“Good morning,” I said as I greeted Connie in the locker room before swim class Wednesday. “How are you?”
“Just fine,” she responded, “and today I mean it because I know I don’t have cancer.”
My surprise wasn’t that she didn’t have cancer. My surprise at her response was that she hadn’t meant all those “I’m fine” responses for the past three months as she battled breast cancer and then battled a mystery nodule in her lung that her doctor thought might be cancer. On Monday, Connie learned that her nodule wasn’t cancer but something more benign.
(If you’ve missed Connie’s story, you’ve got some catching up to do. Read “Fight breast cancer and carry a big stick,” “When your friend battles breast cancer,” and “The difference between an adventure and an ordeal.”)
I’m guessing that the uncertainty of the mystery nodule — after the “adventure” of battling breast cancer — might have made Connie’s “fine” responses a bit less than sincere these past weeks. Not knowing and waiting, waiting, waiting was wearing on my friend.
It took only five weeks — from the day of her revealing mammogram to the end of her radiation treatment — for Connie to beat breast cancer. On the last day of her radiation treatment, just a couple days after Christmas, the radiologist took a wider-view CT scan, which revealed a mass in her lung.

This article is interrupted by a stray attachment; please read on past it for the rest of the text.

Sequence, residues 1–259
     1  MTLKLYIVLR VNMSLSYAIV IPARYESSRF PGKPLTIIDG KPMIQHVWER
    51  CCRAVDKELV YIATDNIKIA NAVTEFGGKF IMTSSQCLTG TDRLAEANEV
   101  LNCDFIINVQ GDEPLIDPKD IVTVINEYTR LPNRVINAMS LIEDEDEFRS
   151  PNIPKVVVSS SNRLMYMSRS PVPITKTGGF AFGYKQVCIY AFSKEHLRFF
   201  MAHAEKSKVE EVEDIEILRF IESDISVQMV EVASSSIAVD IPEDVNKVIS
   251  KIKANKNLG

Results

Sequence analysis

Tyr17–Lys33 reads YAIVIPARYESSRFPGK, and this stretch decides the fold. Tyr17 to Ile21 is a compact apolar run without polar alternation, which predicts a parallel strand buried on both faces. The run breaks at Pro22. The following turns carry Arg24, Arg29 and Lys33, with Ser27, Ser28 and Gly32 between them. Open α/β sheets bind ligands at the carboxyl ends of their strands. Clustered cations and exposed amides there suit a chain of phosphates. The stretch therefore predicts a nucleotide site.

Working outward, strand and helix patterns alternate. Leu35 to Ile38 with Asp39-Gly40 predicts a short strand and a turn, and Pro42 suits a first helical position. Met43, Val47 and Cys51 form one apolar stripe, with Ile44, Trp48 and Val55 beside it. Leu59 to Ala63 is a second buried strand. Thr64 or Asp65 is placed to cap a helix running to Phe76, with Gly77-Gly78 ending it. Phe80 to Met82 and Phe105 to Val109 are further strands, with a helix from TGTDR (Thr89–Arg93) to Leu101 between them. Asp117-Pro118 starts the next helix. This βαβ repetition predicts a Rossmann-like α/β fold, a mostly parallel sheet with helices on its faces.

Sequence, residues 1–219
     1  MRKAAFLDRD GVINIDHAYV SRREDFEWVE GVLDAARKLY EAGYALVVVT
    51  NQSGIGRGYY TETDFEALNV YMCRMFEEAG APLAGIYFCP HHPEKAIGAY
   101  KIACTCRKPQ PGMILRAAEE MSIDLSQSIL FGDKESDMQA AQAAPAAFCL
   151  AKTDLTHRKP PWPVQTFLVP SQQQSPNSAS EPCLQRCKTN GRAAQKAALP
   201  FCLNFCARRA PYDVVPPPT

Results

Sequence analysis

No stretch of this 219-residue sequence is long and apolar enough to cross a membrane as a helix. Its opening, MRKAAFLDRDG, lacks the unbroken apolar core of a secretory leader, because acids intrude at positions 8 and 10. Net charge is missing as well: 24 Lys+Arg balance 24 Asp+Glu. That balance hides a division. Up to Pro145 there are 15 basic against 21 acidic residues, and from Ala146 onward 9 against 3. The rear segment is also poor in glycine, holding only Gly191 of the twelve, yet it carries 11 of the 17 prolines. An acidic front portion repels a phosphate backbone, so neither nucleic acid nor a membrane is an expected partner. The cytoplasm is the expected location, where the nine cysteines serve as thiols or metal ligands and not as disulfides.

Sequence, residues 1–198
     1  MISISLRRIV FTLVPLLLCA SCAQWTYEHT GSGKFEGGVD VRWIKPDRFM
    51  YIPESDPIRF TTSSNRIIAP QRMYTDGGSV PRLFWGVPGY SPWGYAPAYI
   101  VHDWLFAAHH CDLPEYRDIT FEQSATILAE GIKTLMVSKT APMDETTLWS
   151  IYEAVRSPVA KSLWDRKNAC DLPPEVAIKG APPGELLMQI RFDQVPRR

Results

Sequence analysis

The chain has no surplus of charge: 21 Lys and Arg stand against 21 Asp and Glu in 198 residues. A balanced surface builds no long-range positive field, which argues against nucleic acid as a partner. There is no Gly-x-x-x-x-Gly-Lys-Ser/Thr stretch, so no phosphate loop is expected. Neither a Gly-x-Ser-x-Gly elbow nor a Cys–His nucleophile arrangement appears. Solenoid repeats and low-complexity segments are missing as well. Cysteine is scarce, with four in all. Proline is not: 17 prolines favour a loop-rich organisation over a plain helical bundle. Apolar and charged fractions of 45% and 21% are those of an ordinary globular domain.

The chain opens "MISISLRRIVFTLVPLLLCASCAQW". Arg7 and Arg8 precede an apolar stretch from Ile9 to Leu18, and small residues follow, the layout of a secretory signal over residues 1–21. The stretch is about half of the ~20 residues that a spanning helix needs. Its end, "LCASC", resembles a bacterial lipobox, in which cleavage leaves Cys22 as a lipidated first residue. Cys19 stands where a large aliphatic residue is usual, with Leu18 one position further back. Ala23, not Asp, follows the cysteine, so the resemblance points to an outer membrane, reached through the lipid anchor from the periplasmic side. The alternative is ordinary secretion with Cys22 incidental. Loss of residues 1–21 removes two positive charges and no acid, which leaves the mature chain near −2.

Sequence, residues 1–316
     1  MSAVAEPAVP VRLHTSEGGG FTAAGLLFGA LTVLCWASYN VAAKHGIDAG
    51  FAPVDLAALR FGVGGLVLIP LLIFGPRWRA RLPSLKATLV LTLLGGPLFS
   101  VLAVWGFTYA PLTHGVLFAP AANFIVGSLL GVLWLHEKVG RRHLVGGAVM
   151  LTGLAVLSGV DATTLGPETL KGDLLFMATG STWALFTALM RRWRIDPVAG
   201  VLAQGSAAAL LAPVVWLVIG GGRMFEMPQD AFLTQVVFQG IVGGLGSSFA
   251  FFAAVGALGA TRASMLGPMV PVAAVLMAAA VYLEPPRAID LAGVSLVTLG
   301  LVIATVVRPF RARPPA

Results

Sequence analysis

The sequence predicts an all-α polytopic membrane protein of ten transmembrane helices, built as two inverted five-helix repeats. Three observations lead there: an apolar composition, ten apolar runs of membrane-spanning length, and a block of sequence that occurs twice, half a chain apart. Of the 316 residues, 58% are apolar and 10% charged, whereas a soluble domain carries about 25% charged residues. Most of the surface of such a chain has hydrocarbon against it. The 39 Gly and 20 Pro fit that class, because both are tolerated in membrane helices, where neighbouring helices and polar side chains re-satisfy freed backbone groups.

It took the rest of these past three months to get her latest — benign — diagnosis. Following the radiologist’s revelation, Connie did a lot of waiting — for the doctor to schedule another scan, for CT scan itself, for a doctor’s phoned results, for the doctor to call another office to arrange a PET scan, for the scan itself, for a doctor’s appointment to get the results of the scan, for a call to schedule a biopsy, for a lung biopsy, for the emergency patients that held precedence that day, and, finally, for another doctor’s appointment to get the results.
It’s NOT cancer!
It took longer to get a diagnosis of the mystery nodule than it took for Connie to learn she had breast cancer and beat it.
Last Thursday, Connie finally had a lung biopsy. Monday morning, after she met with her doctor to discuss the results, she sent this text: “It’s NOT cancer!”
It was a group text, and my phone exploded with celebration — everything from “Yay!” to “Woohoo” to “Hallelujah” and images of flexed bicep and thumbs up emoticons.
I, of course, celebrated but then asked the most practical question of all: “Is it a peanut?”
(It turns out this funny-shaped nodule isn’t a peanut, but it’s pretty close. Connie has an amyloid mass in her lung — and an amyloid is an abnormal protein. Peanuts are protein too. Just saying. I could be a doctor.)
So while Connie waits — yet again — to meet with her doctor regarding any care going forward, she’s thanking you for your prayers, allowing me to write this “grand finale” of her health woes, and celebrating.
Her boss is taking Connie and her female colleagues to a spa this morning during work. Jana and Tami are hosting a girls’ night pajama party. Nearly daily at the health club, Connie’s celebrating with someone as she shares her latest news: “It’s not cancer!”
But it’s NOT over